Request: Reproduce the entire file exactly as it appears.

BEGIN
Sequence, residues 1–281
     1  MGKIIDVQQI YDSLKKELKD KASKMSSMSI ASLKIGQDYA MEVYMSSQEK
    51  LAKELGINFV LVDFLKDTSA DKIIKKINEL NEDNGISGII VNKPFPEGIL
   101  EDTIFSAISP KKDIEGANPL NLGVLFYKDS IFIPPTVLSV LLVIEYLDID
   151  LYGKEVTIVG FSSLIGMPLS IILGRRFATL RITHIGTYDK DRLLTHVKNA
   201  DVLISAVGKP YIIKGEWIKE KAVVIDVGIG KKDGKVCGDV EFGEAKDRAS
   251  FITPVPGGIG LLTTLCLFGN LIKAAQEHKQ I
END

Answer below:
Sequence, residues 1–281
     1  MGKIIDVQQI YDSLKKELKD KASKMSSMSI ASLKIGQDYA MEVYMSSQEK
    51  LAKELGINFV LVDFLKDTSA DKIIKKINEL NEDNGISGII VNKPFPEGIL
   101  EDTIFSAISP KKDIEGANPL NLGVLFYKDS IFIPPTVLSV LLVIEYLDID
   151  LYGKEVTIVG FSSLIGMPLS IILGRRFATL RITHIGTYDK DRLLTHVKNA
   201  DVLISAVGKP YIIKGEWIKE KAVVIDVGIG KKDGKVCGDV EFGEAKDRAS
   251  FITPVPGGIG LLTTLCLFGN LIKAAQEHKQ I